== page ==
Employee Loyalty

Topics: Facebook, Gerontology, Old age Pages: 10 (3729 words) Published: January 10, 2013
Methlife’s 10th annual survey of employee benefits, trends and attitudes, released in March, puts employee loyatlty at a 7-year low. The survey shows one in three employees plan to leave their job by the end of the year. According to a report conducted in 2011 by Careerbıilder.com, 76% of fulltime worker would leave their job if the right opportunity comes along, even tough they havent been actively seeking for a job. Other studies Show that each year the average company lose its 20%-50% employee base.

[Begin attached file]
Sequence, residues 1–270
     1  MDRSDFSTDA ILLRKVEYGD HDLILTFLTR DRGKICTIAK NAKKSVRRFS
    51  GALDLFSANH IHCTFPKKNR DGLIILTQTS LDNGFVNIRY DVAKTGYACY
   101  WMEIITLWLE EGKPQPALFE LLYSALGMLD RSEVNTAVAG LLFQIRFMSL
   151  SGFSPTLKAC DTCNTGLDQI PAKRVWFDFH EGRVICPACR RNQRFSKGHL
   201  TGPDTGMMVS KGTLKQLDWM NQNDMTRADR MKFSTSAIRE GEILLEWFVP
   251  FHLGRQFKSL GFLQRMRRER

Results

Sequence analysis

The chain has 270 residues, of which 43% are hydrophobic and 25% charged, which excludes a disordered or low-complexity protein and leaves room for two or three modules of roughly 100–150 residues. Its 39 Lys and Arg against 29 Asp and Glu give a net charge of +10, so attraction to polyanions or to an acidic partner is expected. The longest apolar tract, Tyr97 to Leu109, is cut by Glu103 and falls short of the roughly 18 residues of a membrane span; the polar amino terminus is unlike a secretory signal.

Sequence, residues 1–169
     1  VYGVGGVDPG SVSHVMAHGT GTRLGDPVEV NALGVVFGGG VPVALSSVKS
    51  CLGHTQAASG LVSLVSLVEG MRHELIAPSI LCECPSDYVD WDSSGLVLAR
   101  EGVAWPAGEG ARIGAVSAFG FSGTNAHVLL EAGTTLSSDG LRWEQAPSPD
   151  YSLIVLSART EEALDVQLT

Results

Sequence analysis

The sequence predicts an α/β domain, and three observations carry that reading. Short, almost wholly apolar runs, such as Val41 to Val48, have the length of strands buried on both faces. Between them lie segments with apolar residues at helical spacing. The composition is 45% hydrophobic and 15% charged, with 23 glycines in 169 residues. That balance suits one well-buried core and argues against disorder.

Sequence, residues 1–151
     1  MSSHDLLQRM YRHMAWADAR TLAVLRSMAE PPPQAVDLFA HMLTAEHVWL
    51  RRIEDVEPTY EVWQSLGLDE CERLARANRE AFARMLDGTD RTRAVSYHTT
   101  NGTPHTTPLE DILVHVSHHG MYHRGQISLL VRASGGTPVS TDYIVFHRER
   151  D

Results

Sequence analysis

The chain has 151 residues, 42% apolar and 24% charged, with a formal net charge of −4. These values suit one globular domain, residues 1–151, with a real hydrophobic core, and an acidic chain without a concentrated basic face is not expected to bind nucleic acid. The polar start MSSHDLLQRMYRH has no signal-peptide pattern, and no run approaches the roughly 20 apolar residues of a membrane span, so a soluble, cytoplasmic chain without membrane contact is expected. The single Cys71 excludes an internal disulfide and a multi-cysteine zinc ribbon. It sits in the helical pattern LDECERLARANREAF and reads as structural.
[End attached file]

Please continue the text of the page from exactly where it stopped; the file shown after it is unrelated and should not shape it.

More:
A big amounf of employees do not feel connected to their work. The reasons cited fort his ; the recession ( during which companies laid off big swaths of their employees with little regard of loyalty) , a whittling away of benefits , training and promotions for those who remain. And another reason is ; a young generation of millenials ages between 15-30, whose expectations are different about their career. When talking about employee loyalty, the subject should not be considered one-sidedly. A management professor Adam Cobb’s words set as a great example to the status of loyalty between employer and employee : ‘My loyalty to the firm is contingent on my firms loyalty to me’ Cobb says loyalty should not be a value that companies rely on. But it is not right to say employees have no loyalty. If the companies took care of their employees and loyalty was reciprocal, would employees stil be job hopping? Peter Capelli, director of Wharton’s Center for HR, agrees that recently, employers’ attitude towards theit employees has changed. Employers see the employees as short-term resources. This behaviour ended life-time employment and job security depends now on continuing usefullness to the employer. Payment cuts, increasing workload ocur when it is beneficiary to the company. Wharton management professor Matthew Bidwell divides the term into two parts: "One piece is having the employer's best interests at heart. The other piece is remaining with the same employer rather than moving on." Management experts, he says, describe this as "organizational commitment." And that, he notes, is changing. "There is less a sense that your organization is going to look after you in the way that it used to -- which would lead you to expect a reduction in loyalty as well." But Bidwell questions how much loyalty people ever felt to their organizations, in good times or bad. "Employees are often more loyal to those around them -- their manager, their colleagues, maybe their clients. These employees have a sense of professionalism -- and loyalty -- that relates to the work they do more than to the company." Loyalty, which can be considered a component of employee engagement, is based on a number of factors, says Harter, including whether the employer "looks out for employees' best interests, pays attention to their career path, gives them opportunities to improve their well-being and so forth." In this equation, managers play a crucial role, he adds, referring to a survey done several years ago that analyzed all the reasons people stay with or leave an organization. "If you're looking for a silver bullet, it is the quality of the relationship between an employee and his or her manager that determines the overall level of employee engagement. Good companies develop a growing list of great managers over time.... It's local level teams and how they are connected together by leaders and managers" that have the most impact. Research also shows that not all behavior is self-interested, Small adds. "Sometimes people do things at considerable cost to themselves, like sticking to a job with lower pay when they could move on and potentially earn more money. It's because we care a lot about relationships and the welfare of others. When we have a relationship with our firm or colleagues, there is a social cost to leaving." To the extent that an employee is well treated by a firm or a boss, "that might, on the margin, make a difference"...
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